Quite often in the pursuit of packing a punch, a joke may reinforce a scathing stereotype.
Sexist jokes, gender politics, racism and self-deprecating humour have had a long run in the world of comedy. But is it worth it?It's time we stand up for real.
Australian comedienne Hannah Gadsby’s Netflix special Nanette, stirred a hornet’s nest in the world of comedy in late June. It has defaced the innocuous exterior of comedy by throwing in some extremely poignant questions. Gadsby is a member of the LGBTQ community and is gender non-conforming, which in itself was enough to make the audiences feel uncomfortable on her show. However, it was one rousing statement that exposed the contours of self-deprecating humour and the hypocrisy it begets, when she says, “It isn’t humility. It’s humiliation…I make fun of myself in order to make other people feel more comfortable with my difference.” And just like that, the 40-year-old exponent of comedy, quit the business, leaving behind a gaping hole in our collective consciousness.
However, back home we still have to iron out a few things before we set benchmarks like Gadsby has in the West. “Self-deprecation is a tool of comedy and we all do it at some level for sure. So if I have to talk about eve teasing, I will go like “Aye-hai meri jaleebi or oye meri butter chicken on stage and later I think it’s very offensive,” says the Delhi-based comedienne Neeti Palta.
Quite often in the pursuit of packing a punch, a joke may reinforce a scathing stereotype. Neeti admits, “Just recently a fellow comic told me that we may be strengthening stereotypes in a way, when in fact we know we are only being sarcastic. What he told me next was quite interesting. He said, do you realise a guy who’s impressionable and is coming to see your show, what if he misses the sarcasm and says ‘sahi toh bol rahi hai madam, main bhi toh aise hi sochta hoon’, so it’s very frightening.”
To avert this predicament, Neeti now moulds her jokes to suit even the most impressionable adults in the room and uses ‘hashtag sarcasm’ on stage, just to “idiot proof the joke,” she says.
On the other hand, while it’s challenging for a comedian to steer clear of controversial topics, it’s also important to speak up about what matters to oneself, explains India’s first gay stand-up comedienne Vasu Primlani, who is also a rape rehabilitation counsellor. “If I do sets on rape, I get a lot of heat. Once at a conference, a journalist challenged me — How dare you make jokes about rape? But the point of comedy is that, it’s not that the topic itself is funny, but to take something that’s negative and make people laugh and ponder is a feat,” she reflects.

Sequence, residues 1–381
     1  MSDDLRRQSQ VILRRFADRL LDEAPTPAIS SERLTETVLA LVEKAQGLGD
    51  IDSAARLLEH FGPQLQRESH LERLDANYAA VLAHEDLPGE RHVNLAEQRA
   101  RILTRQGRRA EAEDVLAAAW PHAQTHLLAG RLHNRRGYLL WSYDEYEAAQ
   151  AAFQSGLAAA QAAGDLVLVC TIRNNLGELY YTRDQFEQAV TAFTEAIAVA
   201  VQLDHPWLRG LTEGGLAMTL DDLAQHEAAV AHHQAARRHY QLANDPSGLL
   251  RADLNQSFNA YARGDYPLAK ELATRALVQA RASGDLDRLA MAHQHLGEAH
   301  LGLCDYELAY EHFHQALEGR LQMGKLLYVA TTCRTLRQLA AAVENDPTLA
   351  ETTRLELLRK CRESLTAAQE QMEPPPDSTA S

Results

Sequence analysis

“So within 30 seconds of the joke, while I’m cracking people up, I’m also making them realise if it’s the guy or the girl to blame for rape, who’s fault is it. So once they identify that, my purpose is served,” says Vasu.
Another openly gay stand-up comic Navin Noronha, often jokes about being gay in his shows. He thinks every comic has their own way of doing things, but they need to be responsible about what they’re representing, “When I first came into the comedy scene, I saw that a lot of senior comics made callous jokes, for example, the one thing that they often used and which got laughs quite easily was the word ‘Chakka'. People throw the word around very commonly, not understanding a hijra and a eunuch are two different persons. As a bearer of morality, I used to go backstage and tell these people…Hey! This is not how it works!".
Ask him about the toll self-deprecating humour takes on him and he elucidates, “To go on stage and be completely honest may sometimes take a toll on you as a comic, but for me as a gay person it becomes a little more important to get out my story than to use it as a means of catharsis. I know what it’s like to live a closetted life for ten years but for the audiences it’s my coming out story that might be funny. Here I am building up a joke on a repository of suppression and internal humour, which is finding jokes from the grimist part of your life. You have to redeem the audiences at some point though, leave them with something bigger, so that they resonate with you. After all you have to be the hero of your story,” avers Navin.
Comedy in our country is still evolving in tandem with the mindset of our society. From the simple, clean mimicry of Johnny Lever to the plethora of young stand-up comics today, it has always been a force to reckon with. Therefore, in the business of rolling out punch lines; what lines are acceptable for a comic to cross is a question that looms at large. Stand-up comedian Jamie Lever says, “Comedy comes with a certain responsibility. It also has to carry a message. If we can make a change through our art then why not? Our country is still far too conservative to process topics on sexism, colour, and race. Such topics must be dealt with care and we must keep at it,” she concludes.